The bill, which includes new measures to improve high-speed broadband and tackle internet piracy, was passed through the Commons by a vote of 189 to 47 on Wednesday, April 7.
It carries forward some of the proposals outlined in the government’s Digital Britain white paper designed to prepare Britain for the digital age and allow creative industries to flourish.
But the rushed manner in which the bill was waved through by MPs in the political wash-up process has been labeled as ‘undemocratic’ by internet freedom campaigners and a number of politicians.
Under the new rules, copyright holders will be be able to apply for a court order to gain access to the personal details of persistent illegal file-shares. This could allow ISPs to suspend their accounts and take further legal action.
Jim Killock, executive director of the Open Rights Group said: ‘People’s rights are at stake. The bill doesn’t require any test of evidence before harsh punishments are imposed on people accused of copyright infringement, and opens the door to a ratcheting up of unwarranted powers without democratic scrutiny.’
The legislation, however, has been welcomed by some in the technology world. A number major UK creative trade unions have come together under the collective title the ‘Creative Coalition Campaign’ to issue a supportive statement:
‘Looking to the future, we now face the challenge of ensuring that the system outlined in the bill functions properly in order to allow industry to focus on developing new business models that can flourish without having to compete with illegal file-sharing, downloading and streaming.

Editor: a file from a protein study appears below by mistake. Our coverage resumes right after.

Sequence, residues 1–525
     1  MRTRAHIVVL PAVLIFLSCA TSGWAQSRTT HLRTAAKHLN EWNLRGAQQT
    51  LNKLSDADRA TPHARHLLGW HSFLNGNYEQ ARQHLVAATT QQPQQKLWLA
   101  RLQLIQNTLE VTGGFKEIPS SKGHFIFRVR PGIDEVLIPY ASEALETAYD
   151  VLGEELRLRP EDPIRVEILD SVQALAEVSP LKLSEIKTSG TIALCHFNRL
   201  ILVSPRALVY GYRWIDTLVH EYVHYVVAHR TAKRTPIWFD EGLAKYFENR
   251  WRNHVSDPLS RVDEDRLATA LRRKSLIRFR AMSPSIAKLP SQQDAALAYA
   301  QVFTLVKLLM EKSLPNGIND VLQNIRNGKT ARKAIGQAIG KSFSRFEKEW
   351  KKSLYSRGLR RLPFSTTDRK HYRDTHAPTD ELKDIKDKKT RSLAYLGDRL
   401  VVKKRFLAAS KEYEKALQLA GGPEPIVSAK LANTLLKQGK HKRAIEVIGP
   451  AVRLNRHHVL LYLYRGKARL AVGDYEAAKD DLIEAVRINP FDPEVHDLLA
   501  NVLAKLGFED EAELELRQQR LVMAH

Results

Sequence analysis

‘Only with this protection will the UK’s creative industries be able to continue to invest in the TV programmes, films, books, sporting events and music which are loved by millions across the UK and throughout the world.’
By some estimates the digital economy generated around £125bn gross value added (GVA) in 2007, representing around 10 per cent of UK GDP. In the same year the digital economy employed over 2.1 million people, representing around six per cent of total UK employment.
The government claims that beyond the immediate companies, UK economic activity in manufacturing and services are increasingly based on digital and broadband technologies, and hopes that the bill could unlock an even greater value in digital communications.